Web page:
Although 6G will not be implemented until 2030, an innovative revolution triggered by 6G technology will release artificial intelligence energy, completely change the fields of healthcare and data transmission, and bring unprecedented privacy issues.
6G technology requires a regulatory structure for large-scale spread spectrum, which is to support the bearer frequency of wireless communication data. 6G requires frequencies in the range of 100 GHz to 1 THz, which will allow extreme densification of communication systems, making the capacity of hundreds or even thousands of simultaneous wireless connections significantly higher than 5G systems and networks.
This spectrum revolution will require competent government supervision. In the current system, the United States has two independent federal agencies responsible for frequency regulation: the FCC, which manages private use of spectrum, and the National Telecommunications and Information Administration (NTIA), which manages the use of spectrum by the federal government. Currently, both the FCC and NTIA have jurisdiction over these high frequency spectrums, which means that these high frequency spectrums require meaningful coordination between the two agencies.
AI technology that supports 6G will allow the creation of a “smart application layer” of interconnected devices, from autonomous vehicles to medical implants to geolocation sensors, all of which can communicate with each other in real time. This extensive coverage network will be supported by a “smart sensor layer”, which will quickly collect and analyze a large amount of relevant data from these interconnected devices.
6G is expected to achieve fully automated surgery, rapid transmission of medical data, and fully implantable devices. But these technologies will also bring many lawsuits. For example: 6G-driven Brain-Computer Interface (BCI), which allows patients to use their brains to control the machine, and provides many innovations: complex prosthetics, better memory for patients with Alzheimer’s disease, etc. . However, these innovative promises and potentially huge profits also carry huge potential responsibilities.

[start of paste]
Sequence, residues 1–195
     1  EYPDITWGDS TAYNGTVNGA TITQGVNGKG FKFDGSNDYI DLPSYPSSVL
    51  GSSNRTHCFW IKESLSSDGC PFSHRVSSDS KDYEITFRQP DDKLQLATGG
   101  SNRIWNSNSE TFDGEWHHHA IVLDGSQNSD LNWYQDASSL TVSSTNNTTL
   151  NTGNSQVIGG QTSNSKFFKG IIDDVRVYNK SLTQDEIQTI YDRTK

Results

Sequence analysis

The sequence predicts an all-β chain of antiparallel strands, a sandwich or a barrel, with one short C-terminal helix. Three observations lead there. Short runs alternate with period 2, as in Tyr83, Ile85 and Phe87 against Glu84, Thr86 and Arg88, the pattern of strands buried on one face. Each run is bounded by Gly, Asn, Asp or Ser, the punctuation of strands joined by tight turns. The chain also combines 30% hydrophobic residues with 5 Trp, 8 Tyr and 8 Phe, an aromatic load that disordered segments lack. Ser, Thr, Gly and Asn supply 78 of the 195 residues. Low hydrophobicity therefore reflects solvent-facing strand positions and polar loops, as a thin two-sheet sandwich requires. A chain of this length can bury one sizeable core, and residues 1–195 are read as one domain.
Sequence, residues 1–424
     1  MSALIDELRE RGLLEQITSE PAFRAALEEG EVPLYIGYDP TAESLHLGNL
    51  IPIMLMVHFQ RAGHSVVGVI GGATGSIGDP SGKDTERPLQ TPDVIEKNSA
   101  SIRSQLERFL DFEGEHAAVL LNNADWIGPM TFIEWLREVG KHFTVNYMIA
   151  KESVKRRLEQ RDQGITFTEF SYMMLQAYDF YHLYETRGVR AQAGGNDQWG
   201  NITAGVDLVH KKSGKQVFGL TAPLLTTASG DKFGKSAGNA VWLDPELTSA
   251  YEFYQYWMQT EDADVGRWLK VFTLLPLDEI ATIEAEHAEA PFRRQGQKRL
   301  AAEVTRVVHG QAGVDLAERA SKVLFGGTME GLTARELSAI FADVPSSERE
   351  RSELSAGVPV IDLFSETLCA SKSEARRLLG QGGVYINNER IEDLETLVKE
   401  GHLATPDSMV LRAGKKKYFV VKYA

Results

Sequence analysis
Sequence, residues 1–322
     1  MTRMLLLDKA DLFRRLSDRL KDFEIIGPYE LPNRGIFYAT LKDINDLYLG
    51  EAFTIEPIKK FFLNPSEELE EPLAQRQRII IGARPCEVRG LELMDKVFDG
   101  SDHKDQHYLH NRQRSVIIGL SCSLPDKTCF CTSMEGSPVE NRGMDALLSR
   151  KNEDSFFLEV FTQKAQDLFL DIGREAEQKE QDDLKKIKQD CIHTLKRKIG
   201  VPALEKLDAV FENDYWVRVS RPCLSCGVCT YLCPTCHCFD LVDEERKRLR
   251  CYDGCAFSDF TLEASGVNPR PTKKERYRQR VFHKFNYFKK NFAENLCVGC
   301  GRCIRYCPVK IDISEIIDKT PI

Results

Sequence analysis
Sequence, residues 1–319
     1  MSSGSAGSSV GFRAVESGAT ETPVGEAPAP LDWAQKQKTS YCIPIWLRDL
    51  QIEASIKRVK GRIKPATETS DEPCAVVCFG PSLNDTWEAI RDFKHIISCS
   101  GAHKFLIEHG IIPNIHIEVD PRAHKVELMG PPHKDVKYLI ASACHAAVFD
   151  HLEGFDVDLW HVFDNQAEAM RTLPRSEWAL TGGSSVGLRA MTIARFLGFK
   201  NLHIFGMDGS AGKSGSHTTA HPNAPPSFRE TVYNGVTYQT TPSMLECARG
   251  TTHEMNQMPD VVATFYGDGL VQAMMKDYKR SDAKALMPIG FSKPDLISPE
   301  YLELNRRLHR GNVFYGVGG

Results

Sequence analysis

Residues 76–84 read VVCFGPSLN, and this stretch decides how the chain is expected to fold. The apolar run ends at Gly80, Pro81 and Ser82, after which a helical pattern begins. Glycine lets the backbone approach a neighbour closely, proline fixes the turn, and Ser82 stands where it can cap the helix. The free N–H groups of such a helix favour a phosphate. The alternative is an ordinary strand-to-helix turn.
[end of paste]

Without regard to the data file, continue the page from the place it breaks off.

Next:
6G will also face many challenges in infrastructure construction. Basically, the 6G network requires a compact transmitter and base station mobile network. Since the transmission distance of 6G base stations will be less than 200 meters, it is estimated that 100 billion base stations will be needed in the world to fully implement 6G services.
In addition, in order to reduce the deployment of base station networks on the ground, countries have set their sights on LEO satellites and construct 6G networks. Once too many satellites are deployed in space, a series of transnational problems will inevitably arise, from the generation of space junk clouds, and increase the risk of satellite collisions. In the future, in order to grab interstellar superiority among the world powers, some tensions may arise.
The convenience brought by 6G also brings many crises to personal privacy leakage. The protective measures of quantum computing make the 6G system even more uncompromising.
In order to protect privacy, the United States has formulated relevant security guidelines and laws from the federal to the state. But the law usually follows technological innovation, so people cannot predict whether this security agreement is reasonable in the new field of 6G. In an interconnected society, a single data breach may bring catastrophic legal losses to the victim enterprise.
In short, although the world is still some time away from the launch of 6G, the huge business opportunities and the ambition of countries to become the dominant players may make this competition more complicated. Therefore, starting to formulate plans from now on, whether investing in research and development or taking into account related legal issues, will affect the future direction of 6G.